|Subregion||France > Bordeaux > Left Bank > Margaux|
The opaque blue/purple-colored 2011 Palmer reveals a stunning bouquet of licorice, truffles, camphor, spring flowers, black raspberries and black currants. One of the superstars of the vintage, this brilliant 2011 possesses superb concentration and purity, medium to full body, and remarkable length of close to a minute. A tour de force in winemaking, the Palmer team merits accolades for achieving this level of quality in a more challenging vintage than either 2009 or 2010. The "wine of the vintage" in Margaux, tiny yields of 20 hectoliters per hectare, a final blend of 55% Merlot and 45% Cabernet Sauvignon, and a severe selection (only 55% of the production made it into Palmer) are the reasons for this success.
Winemaker Thomas Duroux continues to fine tune this already brilliant estate, producing first-growth quality wines year after year.
A wine with currants and mineral character on the nose and palate. It's full-bodied, with silky, polished tannins and a long finish. Very tight and refined now. Tannic. Palmer only made 20 hectoliters of wine a hectare. Like a tightly wound ball of cashmere thread. Try in 2020.
Touches of raspberry and tobacco leaf straight off the first nose. This could be opened now with a good few hours in a carafe, as the tannins are fine-boned and riven through with salinity and juice. An elegant, well-balanced Palmer with white truffle, loam, and soft white pepper spice, lingering through the finish. An early harvest following a dry summer that was not overly hot, running from September 7 to 29. A hail storm at the end of June damaged 90% of the vineyard so this is a small yield at 21hl/ha - the lowest since 1961 (until 2018) - and unusually has no Petit Verdot. 60% new oak.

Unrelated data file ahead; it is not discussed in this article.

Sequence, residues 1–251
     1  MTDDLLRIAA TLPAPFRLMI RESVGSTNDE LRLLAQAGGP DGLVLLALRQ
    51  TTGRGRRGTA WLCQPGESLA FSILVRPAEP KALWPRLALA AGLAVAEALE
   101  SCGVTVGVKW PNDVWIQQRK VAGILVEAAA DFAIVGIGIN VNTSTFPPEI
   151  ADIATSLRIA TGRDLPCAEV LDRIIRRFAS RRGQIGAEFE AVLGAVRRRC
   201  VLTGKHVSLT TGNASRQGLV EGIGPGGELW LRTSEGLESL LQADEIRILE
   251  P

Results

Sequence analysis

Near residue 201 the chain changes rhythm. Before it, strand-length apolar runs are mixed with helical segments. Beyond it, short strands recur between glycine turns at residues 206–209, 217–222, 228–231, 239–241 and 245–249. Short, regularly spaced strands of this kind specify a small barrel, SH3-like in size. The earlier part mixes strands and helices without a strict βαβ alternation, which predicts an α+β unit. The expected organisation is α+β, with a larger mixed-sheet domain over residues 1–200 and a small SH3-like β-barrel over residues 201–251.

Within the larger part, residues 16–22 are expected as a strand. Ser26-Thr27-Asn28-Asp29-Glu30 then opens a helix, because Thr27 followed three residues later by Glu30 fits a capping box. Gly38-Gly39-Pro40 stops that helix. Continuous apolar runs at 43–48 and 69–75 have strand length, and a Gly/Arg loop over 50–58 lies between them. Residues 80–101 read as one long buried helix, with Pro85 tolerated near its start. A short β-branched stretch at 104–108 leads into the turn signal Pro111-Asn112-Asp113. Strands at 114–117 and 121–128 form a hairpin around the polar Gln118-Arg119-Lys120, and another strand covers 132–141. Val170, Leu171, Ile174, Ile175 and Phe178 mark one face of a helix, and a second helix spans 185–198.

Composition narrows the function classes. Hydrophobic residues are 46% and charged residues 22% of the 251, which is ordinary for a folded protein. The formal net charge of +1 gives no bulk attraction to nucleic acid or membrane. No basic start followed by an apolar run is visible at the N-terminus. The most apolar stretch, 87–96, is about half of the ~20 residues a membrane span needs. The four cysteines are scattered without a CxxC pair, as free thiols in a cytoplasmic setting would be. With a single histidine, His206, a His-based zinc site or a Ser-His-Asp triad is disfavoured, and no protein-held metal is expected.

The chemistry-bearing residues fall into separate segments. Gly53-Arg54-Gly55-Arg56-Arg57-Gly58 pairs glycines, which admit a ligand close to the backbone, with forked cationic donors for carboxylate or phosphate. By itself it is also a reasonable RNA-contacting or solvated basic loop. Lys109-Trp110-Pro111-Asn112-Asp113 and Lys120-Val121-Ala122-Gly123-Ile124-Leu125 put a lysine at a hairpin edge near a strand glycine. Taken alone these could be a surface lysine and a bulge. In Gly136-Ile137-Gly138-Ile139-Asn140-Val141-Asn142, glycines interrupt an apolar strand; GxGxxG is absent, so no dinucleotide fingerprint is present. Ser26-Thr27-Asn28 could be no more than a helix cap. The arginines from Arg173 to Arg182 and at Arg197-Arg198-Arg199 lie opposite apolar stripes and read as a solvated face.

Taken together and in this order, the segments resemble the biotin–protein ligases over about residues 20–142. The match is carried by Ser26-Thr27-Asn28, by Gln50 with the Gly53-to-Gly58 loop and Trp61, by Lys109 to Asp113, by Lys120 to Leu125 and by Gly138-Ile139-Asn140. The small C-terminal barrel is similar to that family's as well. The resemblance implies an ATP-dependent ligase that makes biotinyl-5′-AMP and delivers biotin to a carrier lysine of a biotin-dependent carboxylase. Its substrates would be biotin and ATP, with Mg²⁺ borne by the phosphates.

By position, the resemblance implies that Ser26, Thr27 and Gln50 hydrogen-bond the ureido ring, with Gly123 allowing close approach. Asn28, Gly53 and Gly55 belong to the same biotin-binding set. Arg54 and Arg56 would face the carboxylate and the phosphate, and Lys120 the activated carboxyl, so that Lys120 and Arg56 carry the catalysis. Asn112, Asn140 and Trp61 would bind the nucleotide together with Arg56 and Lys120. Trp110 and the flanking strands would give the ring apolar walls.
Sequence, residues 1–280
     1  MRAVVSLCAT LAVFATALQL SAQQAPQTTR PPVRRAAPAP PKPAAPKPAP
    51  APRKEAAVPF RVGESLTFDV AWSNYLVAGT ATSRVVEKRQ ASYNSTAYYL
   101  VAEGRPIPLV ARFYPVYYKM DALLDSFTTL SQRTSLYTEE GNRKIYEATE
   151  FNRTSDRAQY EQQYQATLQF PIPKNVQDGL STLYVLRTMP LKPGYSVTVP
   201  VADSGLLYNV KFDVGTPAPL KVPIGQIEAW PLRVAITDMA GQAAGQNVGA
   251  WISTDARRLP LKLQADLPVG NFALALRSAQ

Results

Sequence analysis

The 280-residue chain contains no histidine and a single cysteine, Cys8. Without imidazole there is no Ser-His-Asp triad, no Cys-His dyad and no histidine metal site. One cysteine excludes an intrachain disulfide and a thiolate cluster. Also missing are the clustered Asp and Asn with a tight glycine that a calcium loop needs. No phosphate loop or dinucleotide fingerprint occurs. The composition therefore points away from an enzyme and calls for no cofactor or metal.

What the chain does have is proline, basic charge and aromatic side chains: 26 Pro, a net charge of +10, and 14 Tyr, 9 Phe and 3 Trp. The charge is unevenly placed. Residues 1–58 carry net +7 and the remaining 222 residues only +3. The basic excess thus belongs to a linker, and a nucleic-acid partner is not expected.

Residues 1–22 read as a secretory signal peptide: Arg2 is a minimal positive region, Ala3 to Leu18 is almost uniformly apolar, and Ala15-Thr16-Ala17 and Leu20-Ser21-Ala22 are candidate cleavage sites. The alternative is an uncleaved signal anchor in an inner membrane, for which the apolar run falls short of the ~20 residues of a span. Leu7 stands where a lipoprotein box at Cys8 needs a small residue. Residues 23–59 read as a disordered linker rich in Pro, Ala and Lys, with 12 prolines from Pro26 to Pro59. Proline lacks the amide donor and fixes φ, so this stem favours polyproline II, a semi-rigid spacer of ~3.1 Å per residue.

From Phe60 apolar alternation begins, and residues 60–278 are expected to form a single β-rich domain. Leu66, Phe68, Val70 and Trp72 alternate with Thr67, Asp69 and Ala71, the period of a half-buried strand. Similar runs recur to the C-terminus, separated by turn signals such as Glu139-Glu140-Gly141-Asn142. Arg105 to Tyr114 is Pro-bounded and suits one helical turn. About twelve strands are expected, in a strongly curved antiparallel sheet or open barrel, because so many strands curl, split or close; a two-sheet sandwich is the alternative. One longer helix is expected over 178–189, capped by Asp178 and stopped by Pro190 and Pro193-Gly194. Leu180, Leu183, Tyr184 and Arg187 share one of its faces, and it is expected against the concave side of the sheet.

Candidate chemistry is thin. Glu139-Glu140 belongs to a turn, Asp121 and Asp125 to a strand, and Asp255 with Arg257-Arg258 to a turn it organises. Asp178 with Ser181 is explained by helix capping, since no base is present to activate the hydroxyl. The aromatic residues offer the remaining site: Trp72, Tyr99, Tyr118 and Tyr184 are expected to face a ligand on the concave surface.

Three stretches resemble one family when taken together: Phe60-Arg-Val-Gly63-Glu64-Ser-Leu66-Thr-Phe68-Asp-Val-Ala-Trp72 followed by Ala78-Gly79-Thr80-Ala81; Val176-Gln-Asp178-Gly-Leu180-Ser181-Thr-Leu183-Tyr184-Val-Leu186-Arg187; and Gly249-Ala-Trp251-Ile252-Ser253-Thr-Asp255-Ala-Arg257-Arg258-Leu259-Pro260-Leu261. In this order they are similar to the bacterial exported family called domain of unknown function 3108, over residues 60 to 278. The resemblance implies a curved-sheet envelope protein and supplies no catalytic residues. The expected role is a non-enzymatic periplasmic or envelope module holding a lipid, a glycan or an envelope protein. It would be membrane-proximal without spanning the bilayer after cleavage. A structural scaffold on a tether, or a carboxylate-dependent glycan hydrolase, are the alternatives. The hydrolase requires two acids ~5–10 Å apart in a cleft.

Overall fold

Traditionally the finest wine of the Médoc after the 1st growths, Palmer slipped a bit in the 1980's but has returned to top form recently, rejoining the super-second mini-league alongside Lascases, Cos d'Estournel, Ducru, Pichon Lalande, etc. The talented wine-maker is Thomas Duroux who always produces a pure, smooth and elegant wine, with a high percentage of Merlot, that is a wonderful example of the appellation. They had the smallest crop here since 1961. It was harvested at 20hl/ha which means there will be less than 5000 cases produced. The final blend is 55% Cabernet Sauvignon and 45% Merlot with all the Petit Verdot put in the second wine. A ripe, perfumed, spicy nose. Lots of crunchy red fruit and tight tannins on the palate. Fresh, bright and focused. Classy with a lingering, gentle finish. Thomas Duroux feels that this is a modern version of a vintage such as 1986 or 1975 that may close down after bottling and need some time to blossom.
The mix of black fruits feels ripe give a lovely richness on the nose and depth on the palate. Although very concentrated there is an underlying freshness and purity nicely balanced by the rich sweet damson and black cherry that fills out the back palate and finish.